Polpettone

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How’s about a little tweak for Valentine’s Day?  Polpettone, which sounds very glamorous indeed, is Italian for meatloaf and I have to say, in the light of the crazy blizzard around here, you may want to consider losing your plans to sally forth to some overcrowded, overpriced  restaurant and instead, wire up this baby for tonight.

Now I do know that this photograph is not, well, perhaps my best or most inspiring.  If it’s any kind of recommendation, however,  please know that the polpettone was very picturesque, just moments before this when it came out of the oven.  Before I could so much as grab my camera, the hungry maniacs around here had torn into it and this is all that I could salvage for a photograph.  In fact, it was such a hit, I was grateful even to have snagged this rather pathetic shot. That funny gooey thing poking out from the middle is the salami/smoked mozzarella with which it’s stuffed.  I know. Completely over-the-top.  But “what th’?” as Mark Trail would say.  It’s only Valentine’s Day once a year, so why not give him something to make those statins worth it.

Now, I have to say that my normal meatloaf, which I recounted here in November 2010 is pretty darn good.  In fact, I continue to get reader response about it all of the time,  and people have literally stopped me in the street to opine on how great it is.  It’s easy as can be, delicious and, while not fancy, for some reason the only thing Felix ever wants to be his welcome home dinner when he arrives back from college.  High praise indeed I would say, because there’s no telling what fancy-schmancy stuff that kid could  be looking for on those rare occasions when his old ’83 diesel wends its way back from Williamsburg.

Now the original recipe for polpettone comes from my friend, Silvestro Silvestori, at the Awaiting Table cooking school  in Lecce in Puglia, Italy.  We made it when I was there in November and it was superb.  That being said, I’ve added and subtracted some things from Silvestro’s recipe to make it, well, my own.  I guess it’s more Italian-American now, and I do hope Silvestro won’t take offence as I’m headed back there in September and perhaps we’ll even make it then. 

In any case, I made this using a batch of my own meatloaf, the recipe for which you can find in the index on the right of my blog, or very easily by googling: “ClareFare meatloaf” , when it will pop up instantaneously.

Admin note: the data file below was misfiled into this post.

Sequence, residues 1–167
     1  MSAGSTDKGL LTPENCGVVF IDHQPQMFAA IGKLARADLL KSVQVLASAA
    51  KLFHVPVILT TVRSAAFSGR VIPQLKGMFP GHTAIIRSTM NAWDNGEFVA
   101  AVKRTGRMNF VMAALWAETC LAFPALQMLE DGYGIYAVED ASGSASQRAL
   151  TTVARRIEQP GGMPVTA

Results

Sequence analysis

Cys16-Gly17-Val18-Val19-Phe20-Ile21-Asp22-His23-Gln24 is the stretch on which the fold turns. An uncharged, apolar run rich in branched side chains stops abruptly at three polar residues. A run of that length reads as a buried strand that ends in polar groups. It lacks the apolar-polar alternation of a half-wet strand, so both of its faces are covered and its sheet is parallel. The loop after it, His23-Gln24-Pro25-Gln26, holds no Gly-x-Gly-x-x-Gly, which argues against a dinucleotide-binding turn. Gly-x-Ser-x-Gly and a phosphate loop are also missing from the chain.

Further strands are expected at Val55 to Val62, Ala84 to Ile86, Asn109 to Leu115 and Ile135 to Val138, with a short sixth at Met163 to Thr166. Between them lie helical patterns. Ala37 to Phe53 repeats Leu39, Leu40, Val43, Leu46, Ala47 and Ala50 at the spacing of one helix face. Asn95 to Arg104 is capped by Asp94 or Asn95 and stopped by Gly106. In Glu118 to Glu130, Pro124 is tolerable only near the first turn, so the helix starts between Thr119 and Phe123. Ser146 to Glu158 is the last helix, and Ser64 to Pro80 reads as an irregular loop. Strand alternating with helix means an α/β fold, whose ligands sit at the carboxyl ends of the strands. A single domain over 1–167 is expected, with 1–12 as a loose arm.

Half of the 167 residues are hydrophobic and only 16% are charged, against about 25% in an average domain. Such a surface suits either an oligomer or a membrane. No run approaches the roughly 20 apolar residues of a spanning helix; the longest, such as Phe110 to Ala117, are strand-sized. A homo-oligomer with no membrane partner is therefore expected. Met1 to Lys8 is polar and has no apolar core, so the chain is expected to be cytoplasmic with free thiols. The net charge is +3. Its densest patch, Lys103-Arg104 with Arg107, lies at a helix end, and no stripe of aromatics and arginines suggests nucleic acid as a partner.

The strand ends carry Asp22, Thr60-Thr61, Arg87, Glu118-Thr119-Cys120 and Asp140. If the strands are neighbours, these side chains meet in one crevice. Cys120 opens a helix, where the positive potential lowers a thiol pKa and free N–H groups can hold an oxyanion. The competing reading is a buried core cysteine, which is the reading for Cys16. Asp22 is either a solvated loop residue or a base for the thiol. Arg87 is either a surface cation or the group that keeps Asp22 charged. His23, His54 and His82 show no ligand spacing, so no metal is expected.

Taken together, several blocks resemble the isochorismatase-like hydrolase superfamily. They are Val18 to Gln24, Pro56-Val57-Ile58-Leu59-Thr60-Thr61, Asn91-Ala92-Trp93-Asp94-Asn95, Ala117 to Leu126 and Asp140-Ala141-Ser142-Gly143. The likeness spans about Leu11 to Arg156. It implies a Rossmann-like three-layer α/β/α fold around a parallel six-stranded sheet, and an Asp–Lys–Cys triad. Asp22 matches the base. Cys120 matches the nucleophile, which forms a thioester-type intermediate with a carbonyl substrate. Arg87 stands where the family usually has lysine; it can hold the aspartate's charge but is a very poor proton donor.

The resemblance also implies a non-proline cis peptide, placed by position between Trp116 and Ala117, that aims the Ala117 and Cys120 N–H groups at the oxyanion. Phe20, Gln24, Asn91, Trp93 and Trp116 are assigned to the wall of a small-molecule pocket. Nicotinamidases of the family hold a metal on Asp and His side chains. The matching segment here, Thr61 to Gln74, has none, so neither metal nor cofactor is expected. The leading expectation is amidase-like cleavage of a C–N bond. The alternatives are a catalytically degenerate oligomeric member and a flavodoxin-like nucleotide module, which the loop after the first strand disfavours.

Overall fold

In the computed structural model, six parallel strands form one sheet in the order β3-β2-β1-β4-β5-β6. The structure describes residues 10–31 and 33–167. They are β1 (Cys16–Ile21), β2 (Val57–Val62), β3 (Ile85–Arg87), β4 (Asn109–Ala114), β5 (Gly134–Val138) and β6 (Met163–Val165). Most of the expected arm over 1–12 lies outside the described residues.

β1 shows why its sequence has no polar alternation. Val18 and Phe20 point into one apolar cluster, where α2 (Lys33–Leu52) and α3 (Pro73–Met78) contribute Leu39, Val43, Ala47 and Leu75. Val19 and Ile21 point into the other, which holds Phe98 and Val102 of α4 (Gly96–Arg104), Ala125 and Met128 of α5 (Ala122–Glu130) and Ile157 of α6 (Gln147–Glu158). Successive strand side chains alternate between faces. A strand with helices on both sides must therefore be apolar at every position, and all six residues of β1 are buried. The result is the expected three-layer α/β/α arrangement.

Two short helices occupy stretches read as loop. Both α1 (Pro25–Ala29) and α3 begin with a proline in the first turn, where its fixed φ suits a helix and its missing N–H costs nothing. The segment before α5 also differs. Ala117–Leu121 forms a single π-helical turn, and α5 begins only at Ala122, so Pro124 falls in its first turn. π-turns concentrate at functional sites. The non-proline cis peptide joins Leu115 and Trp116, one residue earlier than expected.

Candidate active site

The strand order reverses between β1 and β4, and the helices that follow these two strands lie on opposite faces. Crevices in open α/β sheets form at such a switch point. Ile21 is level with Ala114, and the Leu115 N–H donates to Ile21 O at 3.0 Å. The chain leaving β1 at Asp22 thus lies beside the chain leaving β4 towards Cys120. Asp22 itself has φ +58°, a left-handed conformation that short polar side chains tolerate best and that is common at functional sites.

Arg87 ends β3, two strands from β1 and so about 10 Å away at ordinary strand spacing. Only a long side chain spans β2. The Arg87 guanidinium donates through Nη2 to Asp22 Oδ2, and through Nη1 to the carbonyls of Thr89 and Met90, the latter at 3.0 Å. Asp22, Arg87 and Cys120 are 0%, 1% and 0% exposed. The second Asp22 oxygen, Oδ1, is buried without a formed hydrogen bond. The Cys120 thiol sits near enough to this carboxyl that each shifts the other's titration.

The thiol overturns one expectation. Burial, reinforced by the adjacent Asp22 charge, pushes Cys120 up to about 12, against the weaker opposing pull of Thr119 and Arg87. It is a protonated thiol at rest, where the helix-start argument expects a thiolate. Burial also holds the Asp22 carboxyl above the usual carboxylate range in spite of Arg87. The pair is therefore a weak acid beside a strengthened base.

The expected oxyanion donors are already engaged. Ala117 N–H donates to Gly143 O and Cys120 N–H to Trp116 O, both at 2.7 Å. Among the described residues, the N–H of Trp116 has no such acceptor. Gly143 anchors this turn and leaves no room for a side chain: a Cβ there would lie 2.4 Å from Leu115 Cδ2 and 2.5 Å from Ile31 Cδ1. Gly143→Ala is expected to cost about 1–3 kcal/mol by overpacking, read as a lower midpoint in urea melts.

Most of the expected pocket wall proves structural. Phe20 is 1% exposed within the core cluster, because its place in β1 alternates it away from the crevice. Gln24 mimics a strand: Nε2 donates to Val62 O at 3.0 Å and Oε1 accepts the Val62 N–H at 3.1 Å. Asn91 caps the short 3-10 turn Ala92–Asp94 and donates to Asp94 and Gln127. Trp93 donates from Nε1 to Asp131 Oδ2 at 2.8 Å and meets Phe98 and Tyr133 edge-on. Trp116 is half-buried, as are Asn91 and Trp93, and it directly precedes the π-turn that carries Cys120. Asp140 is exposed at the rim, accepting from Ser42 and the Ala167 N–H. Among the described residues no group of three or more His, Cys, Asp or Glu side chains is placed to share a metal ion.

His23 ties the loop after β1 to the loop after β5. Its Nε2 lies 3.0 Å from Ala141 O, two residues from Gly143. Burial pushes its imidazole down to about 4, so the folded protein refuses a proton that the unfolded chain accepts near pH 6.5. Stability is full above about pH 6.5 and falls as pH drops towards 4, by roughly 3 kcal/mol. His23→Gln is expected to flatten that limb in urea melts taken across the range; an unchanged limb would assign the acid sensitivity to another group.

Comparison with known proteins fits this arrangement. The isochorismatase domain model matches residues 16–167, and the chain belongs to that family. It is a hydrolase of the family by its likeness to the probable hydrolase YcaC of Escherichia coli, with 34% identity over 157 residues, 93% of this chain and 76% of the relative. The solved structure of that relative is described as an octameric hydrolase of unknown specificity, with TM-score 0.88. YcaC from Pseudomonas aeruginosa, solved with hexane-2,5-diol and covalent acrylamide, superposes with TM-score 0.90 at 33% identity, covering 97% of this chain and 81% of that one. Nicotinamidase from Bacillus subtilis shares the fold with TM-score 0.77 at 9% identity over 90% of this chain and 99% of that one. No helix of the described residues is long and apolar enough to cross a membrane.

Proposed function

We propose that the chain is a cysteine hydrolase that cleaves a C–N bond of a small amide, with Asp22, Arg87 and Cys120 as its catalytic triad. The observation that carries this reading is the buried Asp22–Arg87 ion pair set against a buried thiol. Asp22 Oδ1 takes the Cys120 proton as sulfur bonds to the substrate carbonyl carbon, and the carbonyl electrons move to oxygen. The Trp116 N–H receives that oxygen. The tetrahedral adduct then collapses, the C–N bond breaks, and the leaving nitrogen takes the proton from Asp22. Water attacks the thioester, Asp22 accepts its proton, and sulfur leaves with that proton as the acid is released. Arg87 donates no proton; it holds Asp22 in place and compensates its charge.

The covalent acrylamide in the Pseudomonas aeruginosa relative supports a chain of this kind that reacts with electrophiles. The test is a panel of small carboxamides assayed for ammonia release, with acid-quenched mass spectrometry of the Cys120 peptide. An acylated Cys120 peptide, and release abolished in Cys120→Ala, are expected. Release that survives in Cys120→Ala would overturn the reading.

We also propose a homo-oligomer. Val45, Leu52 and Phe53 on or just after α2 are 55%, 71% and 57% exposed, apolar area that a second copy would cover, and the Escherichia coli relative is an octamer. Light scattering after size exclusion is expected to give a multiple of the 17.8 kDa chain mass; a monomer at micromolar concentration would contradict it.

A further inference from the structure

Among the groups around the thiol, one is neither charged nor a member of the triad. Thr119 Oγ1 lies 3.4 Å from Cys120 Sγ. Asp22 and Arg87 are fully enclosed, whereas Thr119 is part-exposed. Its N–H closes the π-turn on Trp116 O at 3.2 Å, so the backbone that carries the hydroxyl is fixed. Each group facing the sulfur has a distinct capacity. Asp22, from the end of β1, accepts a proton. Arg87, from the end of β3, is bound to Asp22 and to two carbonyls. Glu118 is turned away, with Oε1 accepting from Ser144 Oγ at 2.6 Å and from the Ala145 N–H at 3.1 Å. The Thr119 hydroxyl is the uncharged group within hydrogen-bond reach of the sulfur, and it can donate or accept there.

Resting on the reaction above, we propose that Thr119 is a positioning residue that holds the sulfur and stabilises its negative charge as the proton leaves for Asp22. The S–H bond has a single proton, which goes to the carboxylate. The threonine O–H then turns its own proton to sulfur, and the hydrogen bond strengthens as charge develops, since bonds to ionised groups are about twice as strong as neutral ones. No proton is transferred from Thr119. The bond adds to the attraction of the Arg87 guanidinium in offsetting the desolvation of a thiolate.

Should you decide to make it, I promise it will look prettier when it emerges from the oven.  No matter how it looks, however, please be prepared, for your Valentine to  take his first bite. He may swoon, but when he picks himself up off the floor, he will definitely proclaim you to the very best Valentine in the world.  

But really, there’s no need to send me flowers.  Just have a very happy Valentine’s Day, with lots of love from ClareFare.

Clare’s Polpettone

Serves 6

I batch of my meatloaf mix to be found on ClareFare from November 16, 2010

3/4 pound thinly sliced Genoa salami

3/4 pound smoked mozzarella, chopped into 1-inch dice

 

Prepare the meatloaf as directed in the previous post. Place half of the meat mixture in the baking pan.  Pat into a loaf-like shape and make a trough in the middle.  Line the trough with 1/2 of the Genoa salami, cover with the smoked mozzarella, and then top with the rest of the Genoa salami making it into a sort of smoked mozzarella filled envelope.  Pat the remaining meat mixture over the top and seal in the filling, retaining the loaf-like shape.

Bake as directed in the previous posting.

–Adapted from a recipe by Silvestro Silvestori at http://www.Awaitingtable.com 

 

 

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6 Responses to Polpettone

  1. Jeremy Marlton says:

    Twerking an old recipe?

    Sent from my iPhone

    >

  2. Kristen Meyer Hallwas says:

    Clare, Thank you so much for this wonderful recipe! After the first bite I decided to marry myself. I’ve been making ‘Clare’s meatloaf’ for about a year now and adding the Genoa salami and smoke mozzarella has changed my life. As a child my mom and I would make what I now call ‘basic’ meatloaf and I loved it so much, so like you I’ve tweaked meatloaf many times and tried several things however this is the best ever…I am going to make this again and take it to my mom! Thank you for always making me look like a genius in the kitchen!

    • clarefare says:

      Kristen,
      I’m delighted my meatloaf, and now this new Italian twist have made you so happy! Let me know what your Mom thinks too, cause it’s always top priority to keep Mom happy! Thanks so much for taking the time to write.
      Regards,
      Clare

  3. ssilvestori says:

    Clare, this is great! I look forward to seeing you in Puglia in September! We have a lot to cook together!
    Silvestro Silvestori

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